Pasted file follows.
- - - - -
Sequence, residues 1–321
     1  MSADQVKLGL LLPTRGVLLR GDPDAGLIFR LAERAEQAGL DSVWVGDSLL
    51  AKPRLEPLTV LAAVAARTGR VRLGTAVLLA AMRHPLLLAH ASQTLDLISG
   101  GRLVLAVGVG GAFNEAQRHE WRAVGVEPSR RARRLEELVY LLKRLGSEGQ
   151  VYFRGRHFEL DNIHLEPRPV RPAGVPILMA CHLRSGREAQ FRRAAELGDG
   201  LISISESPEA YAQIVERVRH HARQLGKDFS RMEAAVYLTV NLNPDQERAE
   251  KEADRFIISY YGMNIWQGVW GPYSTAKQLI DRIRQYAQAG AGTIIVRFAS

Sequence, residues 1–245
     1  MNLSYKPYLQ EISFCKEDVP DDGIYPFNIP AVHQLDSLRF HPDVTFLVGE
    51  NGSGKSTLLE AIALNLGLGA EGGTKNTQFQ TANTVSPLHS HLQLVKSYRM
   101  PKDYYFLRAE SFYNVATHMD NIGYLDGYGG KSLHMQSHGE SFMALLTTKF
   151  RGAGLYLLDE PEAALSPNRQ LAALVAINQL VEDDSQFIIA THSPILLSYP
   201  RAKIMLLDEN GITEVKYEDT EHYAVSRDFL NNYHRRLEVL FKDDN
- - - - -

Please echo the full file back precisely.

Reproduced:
Sequence, residues 1–321
     1  MSADQVKLGL LLPTRGVLLR GDPDAGLIFR LAERAEQAGL DSVWVGDSLL
    51  AKPRLEPLTV LAAVAARTGR VRLGTAVLLA AMRHPLLLAH ASQTLDLISG
   101  GRLVLAVGVG GAFNEAQRHE WRAVGVEPSR RARRLEELVY LLKRLGSEGQ
   151  VYFRGRHFEL DNIHLEPRPV RPAGVPILMA CHLRSGREAQ FRRAAELGDG
   201  LISISESPEA YAQIVERVRH HARQLGKDFS RMEAAVYLTV NLNPDQERAE
   251  KEADRFIISY YGMNIWQGVW GPYSTAKQLI DRIRQYAQAG AGTIIVRFAS

Sequence, residues 1–245
     1  MNLSYKPYLQ EISFCKEDVP DDGIYPFNIP AVHQLDSLRF HPDVTFLVGE
    51  NGSGKSTLLE AIALNLGLGA EGGTKNTQFQ TANTVSPLHS HLQLVKSYRM
   101  PKDYYFLRAE SFYNVATHMD NIGYLDGYGG KSLHMQSHGE SFMALLTTKF
   151  RGAGLYLLDE PEAALSPNRQ LAALVAINQL VEDDSQFIIA THSPILLSYP
   201  RAKIMLLDEN GITEVKYEDT EHYAVSRDFL NNYHRRLEVL FKDDN